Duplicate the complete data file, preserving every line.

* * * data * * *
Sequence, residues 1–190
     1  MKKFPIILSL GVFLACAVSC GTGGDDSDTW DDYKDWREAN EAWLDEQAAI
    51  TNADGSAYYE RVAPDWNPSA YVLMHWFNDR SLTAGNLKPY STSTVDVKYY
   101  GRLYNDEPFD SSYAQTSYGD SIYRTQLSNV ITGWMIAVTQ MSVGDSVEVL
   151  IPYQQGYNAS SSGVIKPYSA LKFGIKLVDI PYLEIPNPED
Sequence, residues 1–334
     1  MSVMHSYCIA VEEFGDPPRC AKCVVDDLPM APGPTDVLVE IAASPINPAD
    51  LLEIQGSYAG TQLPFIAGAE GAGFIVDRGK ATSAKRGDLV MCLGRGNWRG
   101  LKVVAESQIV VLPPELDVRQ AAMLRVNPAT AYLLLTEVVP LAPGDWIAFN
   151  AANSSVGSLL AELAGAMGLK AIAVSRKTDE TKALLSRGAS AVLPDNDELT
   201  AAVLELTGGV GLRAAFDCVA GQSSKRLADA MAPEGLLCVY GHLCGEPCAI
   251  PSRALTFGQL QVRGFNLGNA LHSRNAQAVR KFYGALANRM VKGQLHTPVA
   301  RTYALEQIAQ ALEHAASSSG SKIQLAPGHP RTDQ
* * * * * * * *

Sequence, residues 1–190
     1  MKKFPIILSL GVFLACAVSC GTGGDDSDTW DDYKDWREAN EAWLDEQAAI
    51  TNADGSAYYE RVAPDWNPSA YVLMHWFNDR SLTAGNLKPY STSTVDVKYY
   101  GRLYNDEPFD SSYAQTSYGD SIYRTQLSNV ITGWMIAVTQ MSVGDSVEVL
   151  IPYQQGYNAS SSGVIKPYSA LKFGIKLVDI PYLEIPNPED
Sequence, residues 1–334
     1  MSVMHSYCIA VEEFGDPPRC AKCVVDDLPM APGPTDVLVE IAASPINPAD
    51  LLEIQGSYAG TQLPFIAGAE GAGFIVDRGK ATSAKRGDLV MCLGRGNWRG
   101  LKVVAESQIV VLPPELDVRQ AAMLRVNPAT AYLLLTEVVP LAPGDWIAFN
   151  AANSSVGSLL AELAGAMGLK AIAVSRKTDE TKALLSRGAS AVLPDNDELT
   201  AAVLELTGGV GLRAAFDCVA GQSSKRLADA MAPEGLLCVY GHLCGEPCAI
   251  PSRALTFGQL QVRGFNLGNA LHSRNAQAVR KFYGALANRM VKGQLHTPVA
   301  RTYALEQIAQ ALEHAASSSG SKIQLAPGHP RTDQ